Postdoc Honors

Dr. Elizabeth Cho Receives HSC’ s First SBE Postdoctoral Research Fellowship Award from the NSF

Dr. Cho is currently a postdoctoral researcher in the lab of Scott Maddux, PhD, where she studies patterns of both cranial and postcranial skeletal variation in modern human populations. Her research explores the influence of climate and neutral evolutionary forces on male and female body form through the combination of osteometric, weather, and autosomal SNP data.Echo Nsf
Elizabeth’s whole-body approach allows for a better understanding of how the entire human form has evolved in response to different environmental conditions while comparing findings from East Asian populations to thermoregulatory adaptations identified in other regions of the world.  By examining the morphology of both sexes, she aims to improve understanding of climate’s selective pressure on female body form, elucidate potential sex-specific patterns of adaptation, and clarify the relationship between dimorphism, body size, and climate.  Elizabeth recently expanded her focus to living individuals and is currently testing links between physiology, anatomical variation, and skeletal structure.

Dr. Maddineni is awarded the first NIH K99/R00 at HSC

Prabhavathi Maddineni, PhD is a post doctoral fellow in Dr. Gulab Zode’s lab in the North Texas Eye Research Institute.  Prabha just learned that her K99/R00 application to the NIH National Eye Institute will be funded; the K99/R00 is a mentored career development award. This is the first K99 ever funded at HSC.  Her grant is titled “The role of impaired mitophagy and mitochondrial dysfunction in glaucomatous neurodegeneration”, it will fund her last two years as a post doc (K99) and her first three years as a faculty member (R00).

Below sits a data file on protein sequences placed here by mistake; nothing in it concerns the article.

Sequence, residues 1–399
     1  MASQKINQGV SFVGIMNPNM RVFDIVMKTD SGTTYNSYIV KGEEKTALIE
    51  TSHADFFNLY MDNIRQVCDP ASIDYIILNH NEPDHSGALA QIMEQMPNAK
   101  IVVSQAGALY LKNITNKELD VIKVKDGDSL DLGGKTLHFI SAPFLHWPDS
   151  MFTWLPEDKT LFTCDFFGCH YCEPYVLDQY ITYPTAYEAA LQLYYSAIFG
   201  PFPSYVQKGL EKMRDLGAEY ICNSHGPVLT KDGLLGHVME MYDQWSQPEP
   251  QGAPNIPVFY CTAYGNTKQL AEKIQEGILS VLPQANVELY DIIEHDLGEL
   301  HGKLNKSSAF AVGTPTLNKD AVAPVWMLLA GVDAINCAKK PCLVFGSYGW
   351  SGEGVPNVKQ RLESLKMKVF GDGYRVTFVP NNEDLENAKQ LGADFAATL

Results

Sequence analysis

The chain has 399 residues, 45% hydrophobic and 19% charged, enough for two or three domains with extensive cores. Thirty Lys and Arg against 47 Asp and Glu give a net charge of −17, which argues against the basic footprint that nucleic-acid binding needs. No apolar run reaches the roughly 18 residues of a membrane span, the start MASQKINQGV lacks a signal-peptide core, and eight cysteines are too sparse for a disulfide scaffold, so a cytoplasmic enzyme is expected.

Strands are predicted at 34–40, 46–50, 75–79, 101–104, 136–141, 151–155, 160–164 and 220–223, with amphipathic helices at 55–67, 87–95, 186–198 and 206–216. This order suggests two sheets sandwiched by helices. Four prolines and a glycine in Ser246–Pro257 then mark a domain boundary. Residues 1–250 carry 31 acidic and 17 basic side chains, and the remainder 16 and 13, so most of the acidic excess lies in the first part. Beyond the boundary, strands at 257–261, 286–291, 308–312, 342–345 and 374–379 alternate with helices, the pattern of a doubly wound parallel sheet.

August Story: Dr. Ella Anle Kasanga

In the United States, about one million people are living with Parkinson’s disease, according to the Parkinson’s Foundation. The disease is believed to be caused by a combination of genetic and environmental factors and is usually diagnosed with the presence of cardinal motor signs and symptoms.Tremors, slowness of movement, stiffness of the arms, legs or trunk, and postural imbalance are the main motor symptoms that need to be present in order to make a diagnosis. There is no cure for the disease and the reason for its development remains unknown.

Across the country, researchers are working around the clock to identify ways to help those living with the disease. Joining this effort is Dr. Ella Anle Kasanga, a visiting researcher who recently graduated from the University of North Texas Health Science Center in Fort Worth. Dr. Kasanga is a recipient of the Parkinson’s Foundation Visiting Scholar Award which offers graduate students and postdoctoral fellows the chance to expand their skill set to support their Parkinson’s disease research. As part of the scholarship, Dr. Kasanga is visiting the Robert Stempel College of Public Health & Social Work where she works under the mentorship of Dr. Jason Richardson, Associate Dean for Research.

Learn more about her work.